Thursday, September 22, 2011

My son, the Prime Minister

When I first came across this video a few weeks ago, I cried. I looked at all these people who have changed the world in their own way (oddly enough, there's only one woman in the bunch), and I thought about their mothers. Did these individuals succeed because of their ADHD or in spite of it? Did their mothers despair of them or encourage them? Or both?

I can tell you quite honestly that I do both.

TheODDDad and I have been encouraged to dream big for Bear by a wonderful teacher at Bear's school who saw his potential and believed in him right from the beginning. For Bear's first two years of school, this man teased me that we were looking at the future Prime Minister of Canada. (He left the school, otherwise I'm sure he'd still be saying it.) He recognized that Bear is extremely bright, funny, engaging, and an independent thinker. Although kids with ADHD, and especially ODD, are at higher risk of trouble with the law and with substance abuse than other kids, Bear shows no inclination to ever bowing to peer pressure. That's not say that he'll be immune to these problems down the road, just that he'll probably be the ring leader with other people following him. As his mother, I find that both troubling and reassuring all at once.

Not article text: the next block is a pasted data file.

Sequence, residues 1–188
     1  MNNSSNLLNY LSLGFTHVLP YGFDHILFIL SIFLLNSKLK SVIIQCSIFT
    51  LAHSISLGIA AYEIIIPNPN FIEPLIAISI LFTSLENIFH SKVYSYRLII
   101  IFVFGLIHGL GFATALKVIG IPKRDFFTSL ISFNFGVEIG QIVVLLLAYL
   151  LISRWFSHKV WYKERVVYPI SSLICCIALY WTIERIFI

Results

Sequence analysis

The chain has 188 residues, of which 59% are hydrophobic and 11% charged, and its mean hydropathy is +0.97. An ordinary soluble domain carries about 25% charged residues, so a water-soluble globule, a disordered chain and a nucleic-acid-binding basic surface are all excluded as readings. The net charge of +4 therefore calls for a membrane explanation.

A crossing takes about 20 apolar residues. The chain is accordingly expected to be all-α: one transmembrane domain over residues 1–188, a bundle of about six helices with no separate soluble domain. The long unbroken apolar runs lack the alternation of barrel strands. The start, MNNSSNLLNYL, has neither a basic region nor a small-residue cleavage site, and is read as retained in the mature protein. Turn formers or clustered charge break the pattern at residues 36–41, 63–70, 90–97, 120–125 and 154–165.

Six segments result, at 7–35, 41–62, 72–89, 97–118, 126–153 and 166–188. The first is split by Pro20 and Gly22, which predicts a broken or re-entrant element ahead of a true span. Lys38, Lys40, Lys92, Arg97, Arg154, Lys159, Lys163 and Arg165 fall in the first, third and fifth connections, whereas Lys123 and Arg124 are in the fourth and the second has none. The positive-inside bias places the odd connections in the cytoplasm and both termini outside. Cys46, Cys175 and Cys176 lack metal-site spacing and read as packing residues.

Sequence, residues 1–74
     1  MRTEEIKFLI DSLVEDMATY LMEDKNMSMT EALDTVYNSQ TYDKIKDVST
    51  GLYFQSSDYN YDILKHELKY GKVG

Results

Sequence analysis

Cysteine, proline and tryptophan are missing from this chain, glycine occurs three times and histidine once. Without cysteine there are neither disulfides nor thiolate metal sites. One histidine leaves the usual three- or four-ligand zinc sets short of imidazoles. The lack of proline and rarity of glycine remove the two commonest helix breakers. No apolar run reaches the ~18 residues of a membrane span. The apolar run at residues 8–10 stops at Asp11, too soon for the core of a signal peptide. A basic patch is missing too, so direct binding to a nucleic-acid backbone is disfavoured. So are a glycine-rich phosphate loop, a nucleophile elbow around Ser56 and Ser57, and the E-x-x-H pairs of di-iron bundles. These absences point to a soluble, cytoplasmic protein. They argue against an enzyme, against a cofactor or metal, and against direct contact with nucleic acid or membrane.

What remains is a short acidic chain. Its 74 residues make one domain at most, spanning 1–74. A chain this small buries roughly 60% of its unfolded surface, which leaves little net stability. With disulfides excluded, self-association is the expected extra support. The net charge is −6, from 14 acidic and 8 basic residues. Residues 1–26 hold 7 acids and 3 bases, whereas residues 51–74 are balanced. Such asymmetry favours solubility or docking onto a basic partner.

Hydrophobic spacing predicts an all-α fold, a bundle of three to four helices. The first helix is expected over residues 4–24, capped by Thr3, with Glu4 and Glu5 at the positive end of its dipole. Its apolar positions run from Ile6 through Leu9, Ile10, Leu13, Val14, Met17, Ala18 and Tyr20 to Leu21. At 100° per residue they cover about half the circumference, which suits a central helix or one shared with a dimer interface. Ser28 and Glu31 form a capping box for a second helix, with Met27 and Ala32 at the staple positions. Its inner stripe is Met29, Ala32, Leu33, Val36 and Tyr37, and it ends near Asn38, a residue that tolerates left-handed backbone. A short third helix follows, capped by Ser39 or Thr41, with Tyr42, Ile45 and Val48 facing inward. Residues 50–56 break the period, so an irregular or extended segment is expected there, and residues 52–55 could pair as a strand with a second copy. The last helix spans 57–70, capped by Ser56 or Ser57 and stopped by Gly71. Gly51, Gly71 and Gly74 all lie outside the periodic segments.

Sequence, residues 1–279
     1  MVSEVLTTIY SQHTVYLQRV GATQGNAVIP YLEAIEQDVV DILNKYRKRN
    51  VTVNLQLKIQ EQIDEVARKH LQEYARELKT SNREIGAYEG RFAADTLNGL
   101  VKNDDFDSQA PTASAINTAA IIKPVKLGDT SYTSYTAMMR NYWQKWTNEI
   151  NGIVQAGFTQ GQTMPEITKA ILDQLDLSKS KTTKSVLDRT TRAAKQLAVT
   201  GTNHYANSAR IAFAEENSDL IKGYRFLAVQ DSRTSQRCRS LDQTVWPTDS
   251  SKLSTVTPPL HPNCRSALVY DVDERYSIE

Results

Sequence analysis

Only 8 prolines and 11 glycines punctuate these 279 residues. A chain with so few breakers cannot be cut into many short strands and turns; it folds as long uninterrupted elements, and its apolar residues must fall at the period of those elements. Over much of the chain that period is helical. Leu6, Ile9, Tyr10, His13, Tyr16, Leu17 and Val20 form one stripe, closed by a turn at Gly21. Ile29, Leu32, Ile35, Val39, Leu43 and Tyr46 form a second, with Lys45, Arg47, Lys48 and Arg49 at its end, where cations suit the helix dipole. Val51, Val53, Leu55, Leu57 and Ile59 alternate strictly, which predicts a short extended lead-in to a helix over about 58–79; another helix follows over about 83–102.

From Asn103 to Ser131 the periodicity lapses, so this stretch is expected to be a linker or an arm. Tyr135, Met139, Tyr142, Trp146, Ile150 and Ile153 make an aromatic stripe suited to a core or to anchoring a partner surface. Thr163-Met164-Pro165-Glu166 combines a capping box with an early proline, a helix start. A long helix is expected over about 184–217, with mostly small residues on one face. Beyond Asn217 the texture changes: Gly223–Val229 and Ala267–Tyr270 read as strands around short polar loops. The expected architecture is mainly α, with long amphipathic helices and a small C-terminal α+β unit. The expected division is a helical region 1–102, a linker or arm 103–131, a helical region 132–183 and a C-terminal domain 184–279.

So as the video says, here's to the crazy ones. The misfits. The rebels. The troublemakers. The ones who are just crazy enough to think they can change the world...and do. Here's to you, Bear. Someday you'll change the world in your own special way. I know, because you've already changed mine.


  1. A few thoughts, none of which really connect...I'm sort of in a stream of consciousness kind of place today...
    1. Where are the women in that video? Surely there have been famous/notorious women with ADD/ADHD that have made an impact on the world?
    2. I love what you said about Bear being the future Prime Minister of Canada. Can I tell you a secret? I have this belief that my girl is destined for greatness too? When we told her that we were expecting, my mother in law, who is clairvoyant, told me a few things. One, that she would be a girl and two, that she would be very special and people would be drawn to her. She was right. All her life, people we don't even know want to be near her, come over to her to talk to her, to get to know her. When she was a baby and my husband was unemployed, we were waiting at the county clinic to get her vaccinations. A hispanic woman, also waiting, was called back before we were. As she walked by, she knelt down and kissed her on the head. Like I said, I think my girl is destined for greatness. She's creative and thinks big and dreams even bigger. I hope the world can stay out of her way.

  2. My friend Clare, whose son has Down's Syndrome, has spearheaded inclusion in our school system here. One of her favorite sayings, which I have adopted is "my child can't rise to low expectations."